850 IV.A.6.a).(2).(a).(iv) observing diagnostic techniques utilized by
851 the laboratory.
853 IV.A.6.a).(2).(b) Experiences in the clinical cytogenetics laboratory
854 should include:
856 IV.A.6.a).(2).(b).(i) interpreting karyotyping (G-banding) and
857 analysis of interphase and metaphase cells
858 using fluorescence in situ hybridization
861 IV.A.6.a).(2).(b).(ii) interpreting the results of testing for copy
862 number gains and losses, including
863 techniques to detect deletions, duplications,
864 and other copy number variations or
865 changes in gene expression; and,
867 IV.A.6.a).(2).(b).(iii) observing diagnostic techniques utilized by
Medical Genetics 17
868 the laboratory.
870 IV.A.6.a).(2).(c) Experiences in the clinical molecular genetics
871 laboratory should include:
873 IV.A.6.a).(2).(c).(i) interpreting the results of genotyping,
874 including techniques to assess for known
877 IV.A.6.a).(2).(c).(ii) interpreting the results of sequencing
878 techniques used to discover known and
879 novel variants; and,
881 IV.A.6.a).(2).(c).(iii) observing diagnostic techniques utilized by
882 the laboratory.
884 IV.A.6.a).(2).(d) Residents must not be assigned clinical
885 responsibilities at the same time they are
886 participating in the required laboratory experiences.
888 IV.A.6.b) Toward this end, resident education Residents must include
889 participation participate in the working conferences of laboratories,
890 as well as in ongoing discussion of laboratory data during other
891 clinical conferences; and,.
893 IV.A.6.c) will develop mature clinical judgment through properly supervised
894 patient care commensurate with their ability. This can be achieved
895 only if the resident is Residents must be directly involved in
896 providing the decision-making process and in the continuity of
897 patient care, including decision making regarding that care.
899 IV.A.6.d) Residents must be given the have responsibility for direct patient
900 care in all settings, including planning, management, and
901 treatment, both diagnostic and therapeutic, subject to review and
902 approval by the attending physician faculty.
904 IV.A.6.e) Residents must enter into the ACGME Case Log System all cases
905 in which they directly participated.
907 IV.B. Residents’ Scholarly Activities
909 IV.B.1. The curriculum must advance residents’ knowledge of the basic
910 principles of research, including how research is conducted,
911 evaluated, explained to patients, and applied to patient care.
913 IV.B.2. Residents should participate in scholarly activity.
915 IV.B.2.a) Programs must provide opportunities for residents to become
916 involved in research and teaching. Each resident must
917 demonstrate scholarship through submission of at least one
918 scientific presentation, abstract, or publication.
Medical Genetics 18
920 IV.B.3. The sponsoring institution and program should allocate adequate
921 educational resources to facilitate resident involvement in scholarly
924 V. Evaluation
926 V.A. Resident Evaluation
928 V.A.1. Formative Evaluation
930 V.A.1.a) The faculty must evaluate resident performance in a timely
931 manner during each rotation or similar educational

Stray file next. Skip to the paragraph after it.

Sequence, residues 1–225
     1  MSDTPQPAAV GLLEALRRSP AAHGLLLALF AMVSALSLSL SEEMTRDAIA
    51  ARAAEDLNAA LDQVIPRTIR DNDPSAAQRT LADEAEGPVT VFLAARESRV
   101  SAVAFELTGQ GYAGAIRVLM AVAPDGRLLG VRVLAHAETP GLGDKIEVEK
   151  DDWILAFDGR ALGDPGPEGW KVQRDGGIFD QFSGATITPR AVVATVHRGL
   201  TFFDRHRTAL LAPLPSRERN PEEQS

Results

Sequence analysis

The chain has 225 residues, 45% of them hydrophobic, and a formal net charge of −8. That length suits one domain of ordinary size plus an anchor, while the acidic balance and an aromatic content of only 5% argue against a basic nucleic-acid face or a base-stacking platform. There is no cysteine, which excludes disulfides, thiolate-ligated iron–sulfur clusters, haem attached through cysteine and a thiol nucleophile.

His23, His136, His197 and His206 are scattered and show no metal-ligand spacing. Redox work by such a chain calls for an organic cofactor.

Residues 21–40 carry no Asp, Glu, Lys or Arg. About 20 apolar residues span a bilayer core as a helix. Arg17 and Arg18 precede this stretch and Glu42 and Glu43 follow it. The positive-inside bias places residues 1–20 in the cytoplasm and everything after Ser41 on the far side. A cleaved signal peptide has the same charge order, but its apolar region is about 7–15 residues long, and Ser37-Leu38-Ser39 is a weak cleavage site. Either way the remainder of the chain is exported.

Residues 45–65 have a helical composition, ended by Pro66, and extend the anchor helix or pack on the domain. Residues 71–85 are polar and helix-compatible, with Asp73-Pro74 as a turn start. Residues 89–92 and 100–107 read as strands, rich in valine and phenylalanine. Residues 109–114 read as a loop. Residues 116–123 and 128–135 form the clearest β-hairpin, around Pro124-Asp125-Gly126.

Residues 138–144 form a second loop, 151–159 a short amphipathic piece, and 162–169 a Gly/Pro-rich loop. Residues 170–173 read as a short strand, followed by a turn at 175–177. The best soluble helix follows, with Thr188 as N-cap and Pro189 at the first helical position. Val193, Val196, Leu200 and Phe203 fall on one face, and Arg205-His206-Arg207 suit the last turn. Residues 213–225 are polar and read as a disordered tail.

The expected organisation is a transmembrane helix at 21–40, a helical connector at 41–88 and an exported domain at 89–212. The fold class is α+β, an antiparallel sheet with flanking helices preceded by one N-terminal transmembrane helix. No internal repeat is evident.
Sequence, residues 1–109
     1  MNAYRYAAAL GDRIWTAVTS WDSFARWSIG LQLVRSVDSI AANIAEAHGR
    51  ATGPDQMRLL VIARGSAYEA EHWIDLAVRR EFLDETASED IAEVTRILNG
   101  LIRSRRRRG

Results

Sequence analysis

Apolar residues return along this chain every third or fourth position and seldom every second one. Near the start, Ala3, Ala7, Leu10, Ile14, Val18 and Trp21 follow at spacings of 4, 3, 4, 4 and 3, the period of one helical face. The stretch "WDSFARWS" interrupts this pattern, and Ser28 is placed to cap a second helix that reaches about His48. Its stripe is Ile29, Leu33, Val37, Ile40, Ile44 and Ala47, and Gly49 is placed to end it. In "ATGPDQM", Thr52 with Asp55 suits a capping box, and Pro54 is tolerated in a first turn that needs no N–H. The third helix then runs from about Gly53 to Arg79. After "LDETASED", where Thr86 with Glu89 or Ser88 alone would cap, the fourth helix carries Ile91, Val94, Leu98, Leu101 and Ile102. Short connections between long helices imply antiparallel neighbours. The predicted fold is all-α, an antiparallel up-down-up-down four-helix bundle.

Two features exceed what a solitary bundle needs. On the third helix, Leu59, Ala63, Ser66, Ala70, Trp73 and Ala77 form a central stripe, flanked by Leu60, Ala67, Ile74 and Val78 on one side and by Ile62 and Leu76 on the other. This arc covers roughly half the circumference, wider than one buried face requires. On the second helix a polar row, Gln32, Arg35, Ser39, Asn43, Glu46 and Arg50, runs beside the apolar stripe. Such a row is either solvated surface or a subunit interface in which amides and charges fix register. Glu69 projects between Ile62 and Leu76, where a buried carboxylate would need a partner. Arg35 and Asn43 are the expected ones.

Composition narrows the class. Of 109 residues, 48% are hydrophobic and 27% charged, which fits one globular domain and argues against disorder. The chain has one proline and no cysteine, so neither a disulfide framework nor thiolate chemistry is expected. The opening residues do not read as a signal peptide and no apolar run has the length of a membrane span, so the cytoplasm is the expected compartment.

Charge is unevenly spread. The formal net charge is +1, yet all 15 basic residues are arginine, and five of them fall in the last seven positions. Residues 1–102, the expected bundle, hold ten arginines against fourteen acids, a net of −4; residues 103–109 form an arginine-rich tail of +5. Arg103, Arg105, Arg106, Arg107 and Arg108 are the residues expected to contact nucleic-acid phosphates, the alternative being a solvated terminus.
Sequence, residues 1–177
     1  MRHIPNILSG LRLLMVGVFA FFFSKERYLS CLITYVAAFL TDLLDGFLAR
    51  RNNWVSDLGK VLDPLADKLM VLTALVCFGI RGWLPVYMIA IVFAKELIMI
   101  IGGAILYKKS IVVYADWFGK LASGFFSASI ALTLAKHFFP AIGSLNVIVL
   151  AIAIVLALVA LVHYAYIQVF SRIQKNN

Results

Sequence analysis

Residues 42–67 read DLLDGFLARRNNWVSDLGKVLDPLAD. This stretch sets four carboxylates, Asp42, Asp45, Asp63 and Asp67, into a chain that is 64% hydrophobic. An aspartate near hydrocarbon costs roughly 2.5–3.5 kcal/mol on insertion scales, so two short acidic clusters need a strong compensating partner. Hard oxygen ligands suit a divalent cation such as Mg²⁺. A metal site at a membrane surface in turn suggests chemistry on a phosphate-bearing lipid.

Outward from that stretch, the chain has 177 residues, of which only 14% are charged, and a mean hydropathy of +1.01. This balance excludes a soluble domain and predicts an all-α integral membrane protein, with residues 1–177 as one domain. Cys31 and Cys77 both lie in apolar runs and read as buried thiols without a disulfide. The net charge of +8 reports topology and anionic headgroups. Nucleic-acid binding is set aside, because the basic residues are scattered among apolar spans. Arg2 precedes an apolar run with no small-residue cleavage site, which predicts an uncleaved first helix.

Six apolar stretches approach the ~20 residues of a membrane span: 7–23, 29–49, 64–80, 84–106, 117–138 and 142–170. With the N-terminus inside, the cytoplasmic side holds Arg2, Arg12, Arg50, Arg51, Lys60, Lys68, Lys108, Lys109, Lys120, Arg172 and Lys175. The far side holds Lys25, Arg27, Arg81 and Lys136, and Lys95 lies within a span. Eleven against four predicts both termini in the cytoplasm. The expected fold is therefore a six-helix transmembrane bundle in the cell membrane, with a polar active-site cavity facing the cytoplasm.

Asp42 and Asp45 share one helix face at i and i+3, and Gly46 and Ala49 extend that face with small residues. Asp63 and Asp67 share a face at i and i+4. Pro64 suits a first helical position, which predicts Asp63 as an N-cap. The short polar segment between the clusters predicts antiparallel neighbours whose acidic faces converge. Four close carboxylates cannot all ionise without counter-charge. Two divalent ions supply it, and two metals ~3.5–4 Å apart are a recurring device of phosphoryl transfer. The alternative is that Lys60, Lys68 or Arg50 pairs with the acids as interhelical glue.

932 assignment, and document this evaluation at completion of
933 the assignment.
935 V.A.1.b) The program must:
937 V.A.1.b).(1) provide objective assessments of competence in
938 patient care, medical knowledge, practice-based
939 learning and improvement, interpersonal and
940 communication skills, professionalism, and systems-
941 based practice;
943 V.A.1.b).(1).(a) Residents must take the in-service exam each
946 V.A.1.b).(1).(a).(i) Use of the results must be limited to
947 identifying areas that need improvement for
948 individual residents as well as program
949 curriculum areas that need improvement.
951 V.A.1.b).(2) use multiple evaluators (e.g., faculty, peers, patients,
952 self, and other professional staff);
954 V.A.1.b).(3) document progressive resident performance
955 improvement appropriate to educational level; and,
957 V.A.1.b).(4) provide each resident with documented semiannual
958 evaluation of performance with feedback.
960 V.A.1.c) The evaluations of resident performance must be accessible
961 for review by the resident, in accordance with institutional
964 V.A.2. Summative Evaluation
966 The program director must provide a summative evaluation for each
967 resident upon completion of the program. This evaluation must
968 become part of the resident’s permanent record maintained by the
969 institution, and must be accessible for review by the resident in
Medical Genetics 19
970 accordance with institutional policy. This evaluation must:
972 V.A.2.a) document the resident’s performance during the final period
973 of education, and
975 V.A.2.b) verify that the resident has demonstrated sufficient
976 competence to enter practice without direct supervision.
978 V.B. Faculty Evaluation
980 V.B.1. At least annually, the program must evaluate faculty performance as
981 it relates to the educational program.
983 V.B.2. These evaluations should include a review of the faculty’s clinical
984 teaching abilities, commitment to the educational program, clinical
985 knowledge, professionalism, and scholarly activities.
987 V.B.3. This evaluation must include at least annual written confidential
988 evaluations by the residents.
990 V.C. Program Evaluation and Improvement
992 V.C.1. The program must document formal, systematic evaluation of the
993 curriculum at least annually. The program must monitor and track
994 each of the following areas:
996 V.C.1.a) resident performance;
998 V.C.1.b) faculty development;
1000 V.C.1.c) graduate performance, including performance of program
1001 graduates on the certification examination; and,
1003 V.C.1.c).(1) At least 75% of those completing the program in the